Asian American and Pacific Islander Heritage Month – Louis S. Lee, Shipyard Photographer

In the early part of 1942 – not long after the United States entered World War II on the side of the Allies — the Kaiser Shipbuilding Company established an emergency shipyard along the Columbia River in Vancouver, Washington, to construct vessels for the global fight against the Axis powers. The Vancouver Shipyard started out with an initial payroll of 38,000 workers. One of those individuals was a 29-year-old Chinese-American named Louis S. Lee, a photographer whom the Associated Press (AP) characterized in a November 1942 news story as an “industrial historian” taking pictures of “the day-to-day progress of the Vancouver Kaiser yards since it was a pasture full of cud-chewing dairy cattle last spring.”

When the United States had entered the war following the Japanese attack on Pearl Harbor, Lee was living in Portland, Oregon, with his wife Dorothy and employed at a restaurant there. “Lee was a waiter until somebody gave him a cheap camera,” recounted that AP news story about him. “Then he became a complete camera nut. Lee is rated now as one of the most adept photographers on the Pacific Coast.”

The 200-acre (81-hectare) Vancouver Shipyard was one of the seven major facilities that the Kaiser Shipbuilding Company established on the west coast of the United States to help with the war effort. Five different types of vessels were produced at the Vancouver Shipyard from time of its opening in 1942 to the end of the war in 1945. The largest number of these vessels were Casablanca-class escort carriers built for the U.S. Navy.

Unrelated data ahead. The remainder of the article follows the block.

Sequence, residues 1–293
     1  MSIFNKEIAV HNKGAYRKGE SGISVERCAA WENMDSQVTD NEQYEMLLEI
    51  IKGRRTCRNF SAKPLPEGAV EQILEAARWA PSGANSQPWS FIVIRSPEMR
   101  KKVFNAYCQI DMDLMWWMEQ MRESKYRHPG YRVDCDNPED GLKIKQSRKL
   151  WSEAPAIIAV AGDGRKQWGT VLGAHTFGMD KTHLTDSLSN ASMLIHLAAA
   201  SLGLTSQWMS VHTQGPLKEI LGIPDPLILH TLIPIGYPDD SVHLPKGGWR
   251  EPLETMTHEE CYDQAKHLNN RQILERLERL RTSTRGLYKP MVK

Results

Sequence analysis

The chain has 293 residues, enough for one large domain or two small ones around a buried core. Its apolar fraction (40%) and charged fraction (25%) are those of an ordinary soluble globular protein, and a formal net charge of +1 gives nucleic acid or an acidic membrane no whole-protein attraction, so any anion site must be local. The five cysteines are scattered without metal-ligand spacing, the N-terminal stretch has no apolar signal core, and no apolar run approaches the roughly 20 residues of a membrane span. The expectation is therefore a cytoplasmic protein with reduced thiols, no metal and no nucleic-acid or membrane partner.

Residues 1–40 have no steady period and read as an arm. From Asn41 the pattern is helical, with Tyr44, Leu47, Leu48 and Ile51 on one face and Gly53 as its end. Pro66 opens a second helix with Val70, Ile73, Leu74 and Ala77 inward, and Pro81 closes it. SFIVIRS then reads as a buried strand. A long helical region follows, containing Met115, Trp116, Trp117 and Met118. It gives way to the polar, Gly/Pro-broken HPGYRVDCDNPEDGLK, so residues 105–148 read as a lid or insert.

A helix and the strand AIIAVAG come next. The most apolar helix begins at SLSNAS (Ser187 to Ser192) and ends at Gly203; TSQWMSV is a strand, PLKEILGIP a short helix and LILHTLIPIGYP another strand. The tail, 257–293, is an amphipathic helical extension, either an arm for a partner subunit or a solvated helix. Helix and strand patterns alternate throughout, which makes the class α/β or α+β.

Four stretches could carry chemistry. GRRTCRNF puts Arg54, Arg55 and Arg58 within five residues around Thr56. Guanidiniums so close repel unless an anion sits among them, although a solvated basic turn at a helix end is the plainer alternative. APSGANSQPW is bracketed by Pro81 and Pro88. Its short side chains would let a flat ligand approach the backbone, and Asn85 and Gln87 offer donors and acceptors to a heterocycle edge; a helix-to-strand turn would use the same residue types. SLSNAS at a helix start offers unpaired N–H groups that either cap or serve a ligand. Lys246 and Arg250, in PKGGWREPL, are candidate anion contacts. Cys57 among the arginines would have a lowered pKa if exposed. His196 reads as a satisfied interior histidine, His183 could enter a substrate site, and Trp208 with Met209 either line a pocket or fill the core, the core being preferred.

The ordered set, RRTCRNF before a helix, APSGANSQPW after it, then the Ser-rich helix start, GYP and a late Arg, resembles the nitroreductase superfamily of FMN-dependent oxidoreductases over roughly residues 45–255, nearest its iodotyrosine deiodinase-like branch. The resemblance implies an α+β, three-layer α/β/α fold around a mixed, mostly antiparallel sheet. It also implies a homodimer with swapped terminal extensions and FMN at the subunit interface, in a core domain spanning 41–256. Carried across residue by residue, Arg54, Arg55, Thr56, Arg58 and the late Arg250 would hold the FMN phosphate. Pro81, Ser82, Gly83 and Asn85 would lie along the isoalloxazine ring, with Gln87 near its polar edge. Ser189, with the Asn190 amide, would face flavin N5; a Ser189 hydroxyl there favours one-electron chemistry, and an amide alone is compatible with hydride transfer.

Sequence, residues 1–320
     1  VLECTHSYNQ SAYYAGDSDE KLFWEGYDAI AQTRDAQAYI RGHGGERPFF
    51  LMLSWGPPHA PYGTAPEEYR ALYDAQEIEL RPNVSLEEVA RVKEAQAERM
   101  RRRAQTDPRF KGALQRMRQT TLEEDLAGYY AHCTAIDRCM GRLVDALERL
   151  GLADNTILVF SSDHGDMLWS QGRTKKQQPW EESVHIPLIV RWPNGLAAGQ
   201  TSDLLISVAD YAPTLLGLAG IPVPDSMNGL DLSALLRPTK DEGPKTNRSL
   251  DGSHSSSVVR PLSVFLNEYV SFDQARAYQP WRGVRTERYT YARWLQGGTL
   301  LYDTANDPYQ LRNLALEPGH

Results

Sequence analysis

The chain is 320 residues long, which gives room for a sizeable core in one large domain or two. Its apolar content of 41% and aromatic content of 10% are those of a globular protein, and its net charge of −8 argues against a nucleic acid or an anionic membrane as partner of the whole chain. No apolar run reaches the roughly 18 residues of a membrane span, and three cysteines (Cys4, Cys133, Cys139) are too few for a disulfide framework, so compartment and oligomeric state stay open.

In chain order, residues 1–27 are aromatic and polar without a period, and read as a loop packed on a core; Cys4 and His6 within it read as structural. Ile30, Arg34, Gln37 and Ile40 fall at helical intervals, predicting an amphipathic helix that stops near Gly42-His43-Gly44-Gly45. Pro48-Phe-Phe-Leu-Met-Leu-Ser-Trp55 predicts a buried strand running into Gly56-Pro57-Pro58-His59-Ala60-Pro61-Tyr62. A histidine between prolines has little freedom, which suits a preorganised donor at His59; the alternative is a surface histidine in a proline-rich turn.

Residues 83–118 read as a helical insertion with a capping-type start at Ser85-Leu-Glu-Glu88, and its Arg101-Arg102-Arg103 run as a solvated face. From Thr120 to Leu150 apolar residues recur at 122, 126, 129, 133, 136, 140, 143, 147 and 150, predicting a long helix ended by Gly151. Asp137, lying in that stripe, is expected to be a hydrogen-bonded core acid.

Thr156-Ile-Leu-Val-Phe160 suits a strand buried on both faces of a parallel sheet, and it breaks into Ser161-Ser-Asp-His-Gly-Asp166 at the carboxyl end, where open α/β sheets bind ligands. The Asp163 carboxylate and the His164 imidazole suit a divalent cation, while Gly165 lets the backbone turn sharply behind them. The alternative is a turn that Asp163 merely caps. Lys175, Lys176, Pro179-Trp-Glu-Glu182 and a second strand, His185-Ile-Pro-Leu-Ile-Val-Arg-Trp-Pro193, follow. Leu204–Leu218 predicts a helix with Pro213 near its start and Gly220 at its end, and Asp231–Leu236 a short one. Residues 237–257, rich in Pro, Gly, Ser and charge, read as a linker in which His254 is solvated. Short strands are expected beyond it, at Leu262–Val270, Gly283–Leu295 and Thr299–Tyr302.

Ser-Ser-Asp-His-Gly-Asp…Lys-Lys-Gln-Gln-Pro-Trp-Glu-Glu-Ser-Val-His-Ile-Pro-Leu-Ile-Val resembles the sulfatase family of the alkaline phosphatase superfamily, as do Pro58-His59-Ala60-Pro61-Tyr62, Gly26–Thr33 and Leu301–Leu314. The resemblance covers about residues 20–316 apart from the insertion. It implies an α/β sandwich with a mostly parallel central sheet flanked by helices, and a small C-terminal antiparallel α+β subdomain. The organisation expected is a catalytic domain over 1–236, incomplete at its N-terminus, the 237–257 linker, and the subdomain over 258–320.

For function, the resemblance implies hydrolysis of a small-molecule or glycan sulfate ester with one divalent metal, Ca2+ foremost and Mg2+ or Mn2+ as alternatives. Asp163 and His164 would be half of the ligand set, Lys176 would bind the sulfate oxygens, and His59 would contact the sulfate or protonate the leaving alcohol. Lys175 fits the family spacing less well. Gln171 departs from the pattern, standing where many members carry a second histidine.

As the official photographer for the Vancouver Shipyard throughout the war, Lee captured on film the round-the-clock construction work carried out there; the individuals who handled those duties; and various special events held at the facility. Lee’s photographs have since earned attention and acclaim as invaluable historical records of life at a Kaiser shipyard during a critical time in American history. Lee had the additional distinction of serving as president of the Vancouver Yard’s Three Year Club, a group of workers who remained at that shipbuilding yard during the duration of its operations on behalf of the war effort.

Photo Credit: National Park Service

For more information on Louis S. Lee and his Vancouver Yard photographs, please check out https://www.nps.gov/articles/louisleekaiser.htm

Additional information on the Kaiser shipyards during World War II is available at https://www.oregonencyclopedia.org/articles/kaiser_shipyards/#.YoJswujMI2x

Leave a Reply

Fill in your details below or click an icon to log in:

WordPress.com Logo

You are commenting using your WordPress.com account. Log Out /  Change )

Twitter picture

You are commenting using your Twitter account. Log Out /  Change )

Facebook photo

You are commenting using your Facebook account. Log Out /  Change )

Connecting to %s

Create a website or blog at WordPress.com

Up ↑

%d bloggers like this: